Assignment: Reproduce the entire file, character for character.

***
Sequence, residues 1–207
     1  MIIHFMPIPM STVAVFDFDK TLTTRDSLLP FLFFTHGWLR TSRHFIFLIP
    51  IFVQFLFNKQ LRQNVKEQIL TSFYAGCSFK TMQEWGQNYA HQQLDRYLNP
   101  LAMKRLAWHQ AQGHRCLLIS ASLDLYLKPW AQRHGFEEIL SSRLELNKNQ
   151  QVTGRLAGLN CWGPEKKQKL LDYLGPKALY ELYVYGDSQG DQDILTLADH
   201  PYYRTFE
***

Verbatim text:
Sequence, residues 1–207
     1  MIIHFMPIPM STVAVFDFDK TLTTRDSLLP FLFFTHGWLR TSRHFIFLIP
    51  IFVQFLFNKQ LRQNVKEQIL TSFYAGCSFK TMQEWGQNYA HQQLDRYLNP
   101  LAMKRLAWHQ AQGHRCLLIS ASLDLYLKPW AQRHGFEEIL SSRLELNKNQ
   151  QVTGRLAGLN CWGPEKKQKL LDYLGPKALY ELYVYGDSQG DQDILTLADH
   201  PYYRTFE